Caesars Entertainment Corp on Tuesday announced a deal that it says will reduce Caesars Entertainment Operating Co’s (CEOC) debt by US$548 million and cut interest expense by US$34 million annually.
“The transaction we are announcing today is the latest in a series of steps intended to deleverage CEOC and position it for a potential stock listing,” said Gary Loveman, chief executive of Caesars, in a statement.
The Las Vegas-based casino operator and its unit announced a transaction to purchase and retire US$238 million of CEOC’s outstanding 2016 and 2017 notes held by third parties. The notes represent 51 percent of each such class not held by affiliates of Caesars, the company said.
The parent company has also agreed to contribute to CEOC for retirement of US$393 million of CEOC’s 2016 and 2017 notes currently held by its other subsidiaries.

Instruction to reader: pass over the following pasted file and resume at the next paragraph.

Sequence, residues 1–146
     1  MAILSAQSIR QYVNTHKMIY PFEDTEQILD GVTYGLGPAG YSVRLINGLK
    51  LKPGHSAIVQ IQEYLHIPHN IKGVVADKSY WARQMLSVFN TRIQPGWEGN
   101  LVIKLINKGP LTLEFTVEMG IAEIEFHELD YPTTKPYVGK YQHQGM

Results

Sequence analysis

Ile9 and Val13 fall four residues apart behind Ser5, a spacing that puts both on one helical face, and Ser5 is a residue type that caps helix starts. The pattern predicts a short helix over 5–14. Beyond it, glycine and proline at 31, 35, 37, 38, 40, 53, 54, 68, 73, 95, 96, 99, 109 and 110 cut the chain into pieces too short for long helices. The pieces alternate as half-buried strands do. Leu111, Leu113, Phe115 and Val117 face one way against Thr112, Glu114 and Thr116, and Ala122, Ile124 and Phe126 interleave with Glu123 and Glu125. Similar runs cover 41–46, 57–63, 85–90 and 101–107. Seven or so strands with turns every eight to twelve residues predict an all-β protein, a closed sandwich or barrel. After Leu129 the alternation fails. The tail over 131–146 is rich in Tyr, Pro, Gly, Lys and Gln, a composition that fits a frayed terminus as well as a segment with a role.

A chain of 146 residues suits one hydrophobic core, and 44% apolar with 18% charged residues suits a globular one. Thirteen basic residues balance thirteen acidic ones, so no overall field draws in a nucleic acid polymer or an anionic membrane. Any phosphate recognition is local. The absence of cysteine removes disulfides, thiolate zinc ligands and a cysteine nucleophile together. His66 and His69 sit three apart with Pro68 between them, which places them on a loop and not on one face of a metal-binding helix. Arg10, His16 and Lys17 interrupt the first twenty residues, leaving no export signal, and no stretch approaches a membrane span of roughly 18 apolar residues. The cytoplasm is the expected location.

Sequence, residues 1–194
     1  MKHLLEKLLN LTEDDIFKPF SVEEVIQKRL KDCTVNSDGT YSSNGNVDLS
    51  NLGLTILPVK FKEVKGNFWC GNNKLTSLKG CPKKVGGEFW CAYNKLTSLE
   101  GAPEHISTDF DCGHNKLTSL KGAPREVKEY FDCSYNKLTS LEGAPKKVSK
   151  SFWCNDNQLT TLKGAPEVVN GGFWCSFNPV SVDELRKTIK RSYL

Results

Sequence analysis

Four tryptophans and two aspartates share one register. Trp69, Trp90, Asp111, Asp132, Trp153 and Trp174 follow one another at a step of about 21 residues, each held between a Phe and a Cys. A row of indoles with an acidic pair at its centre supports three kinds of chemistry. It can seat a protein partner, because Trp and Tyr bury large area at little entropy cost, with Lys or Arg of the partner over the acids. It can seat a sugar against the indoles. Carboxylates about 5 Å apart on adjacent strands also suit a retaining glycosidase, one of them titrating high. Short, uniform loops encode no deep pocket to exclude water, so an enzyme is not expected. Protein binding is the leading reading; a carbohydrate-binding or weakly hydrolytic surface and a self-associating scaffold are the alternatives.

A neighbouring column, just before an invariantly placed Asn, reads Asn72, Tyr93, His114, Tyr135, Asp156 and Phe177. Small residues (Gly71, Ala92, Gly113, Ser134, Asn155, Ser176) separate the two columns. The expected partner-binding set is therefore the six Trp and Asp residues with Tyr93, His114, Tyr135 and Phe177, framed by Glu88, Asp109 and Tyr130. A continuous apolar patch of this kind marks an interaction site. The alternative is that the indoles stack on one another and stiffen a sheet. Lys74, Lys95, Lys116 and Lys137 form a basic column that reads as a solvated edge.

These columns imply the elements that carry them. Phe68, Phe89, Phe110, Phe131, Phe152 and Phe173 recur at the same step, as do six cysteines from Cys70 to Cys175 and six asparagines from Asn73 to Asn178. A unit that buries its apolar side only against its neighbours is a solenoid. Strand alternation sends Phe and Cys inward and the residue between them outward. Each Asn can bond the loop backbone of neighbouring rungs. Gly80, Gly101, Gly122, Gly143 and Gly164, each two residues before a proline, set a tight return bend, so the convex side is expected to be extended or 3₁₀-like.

As part of the transaction, “CEOC received agreement for consents to amendments of certain terms of the notes and the indentures governing the notes,” Caesars said.
“The transaction will reduce CEOC’s leverage and interest payments. We are steadfast in our commitment to work constructively with creditors to deleverage CEOC and create value,” Mr Loveman added.
Caesars, a joint venture investor in a planned casino resort in South Korea, on Monday said its second-quarter loss widened from a year ago to US$466.4 million.
The company’s corporate debt stood at more than US$23 billion as of March 31. The company has sold assets, transferred properties between units, refinanced some debt and sold equity to stay solvent.
It emerged last week that the company is suing some institutional investors in a New York state court claiming they tried to push CEOC into default on a portion of the group’s debt.
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